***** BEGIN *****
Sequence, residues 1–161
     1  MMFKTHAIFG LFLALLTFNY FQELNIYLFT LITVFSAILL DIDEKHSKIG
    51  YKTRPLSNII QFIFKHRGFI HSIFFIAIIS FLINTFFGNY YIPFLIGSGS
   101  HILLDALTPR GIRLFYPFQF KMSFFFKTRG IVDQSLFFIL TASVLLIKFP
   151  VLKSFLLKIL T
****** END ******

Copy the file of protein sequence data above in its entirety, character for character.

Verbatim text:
Sequence, residues 1–161
     1  MMFKTHAIFG LFLALLTFNY FQELNIYLFT LITVFSAILL DIDEKHSKIG
    51  YKTRPLSNII QFIFKHRGFI HSIFFIAIIS FLINTFFGNY YIPFLIGSGS
   101  HILLDALTPR GIRLFYPFQF KMSFFFKTRG IVDQSLFFIL TASVLLIKFP
   151  VLKSFLLKIL T